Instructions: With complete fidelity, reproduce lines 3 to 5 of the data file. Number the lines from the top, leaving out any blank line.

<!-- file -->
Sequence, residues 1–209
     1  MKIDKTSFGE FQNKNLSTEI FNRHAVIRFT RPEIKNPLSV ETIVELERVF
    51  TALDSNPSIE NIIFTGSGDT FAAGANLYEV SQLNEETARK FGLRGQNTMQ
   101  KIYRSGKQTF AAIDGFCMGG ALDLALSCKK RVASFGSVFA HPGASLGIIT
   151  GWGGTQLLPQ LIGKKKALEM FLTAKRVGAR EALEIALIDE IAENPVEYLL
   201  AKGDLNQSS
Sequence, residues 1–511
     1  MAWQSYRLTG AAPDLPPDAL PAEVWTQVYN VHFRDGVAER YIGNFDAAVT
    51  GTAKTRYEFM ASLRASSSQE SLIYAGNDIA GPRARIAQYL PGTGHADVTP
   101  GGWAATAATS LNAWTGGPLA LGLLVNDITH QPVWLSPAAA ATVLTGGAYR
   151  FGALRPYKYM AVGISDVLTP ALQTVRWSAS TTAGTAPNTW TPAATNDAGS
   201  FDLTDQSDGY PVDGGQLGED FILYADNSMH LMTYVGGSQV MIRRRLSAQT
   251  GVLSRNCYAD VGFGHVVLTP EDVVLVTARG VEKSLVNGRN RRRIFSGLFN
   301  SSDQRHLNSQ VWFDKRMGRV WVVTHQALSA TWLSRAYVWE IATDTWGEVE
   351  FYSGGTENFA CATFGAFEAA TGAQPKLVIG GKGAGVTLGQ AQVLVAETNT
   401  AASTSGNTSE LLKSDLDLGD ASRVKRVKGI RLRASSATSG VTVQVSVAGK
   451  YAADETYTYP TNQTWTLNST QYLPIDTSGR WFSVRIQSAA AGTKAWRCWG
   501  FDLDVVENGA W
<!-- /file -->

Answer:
    51  TALDSNPSIE NIIFTGSGDT FAAGANLYEV SQLNEETARK FGLRGQNTMQ
   101  KIYRSGKQTF AAIDGFCMGG ALDLALSCKK RVASFGSVFA HPGASLGIIT
   151  GWGGTQLLPQ LIGKKKALEM FLTAKRVGAR EALEIALIDE IAENPVEYLL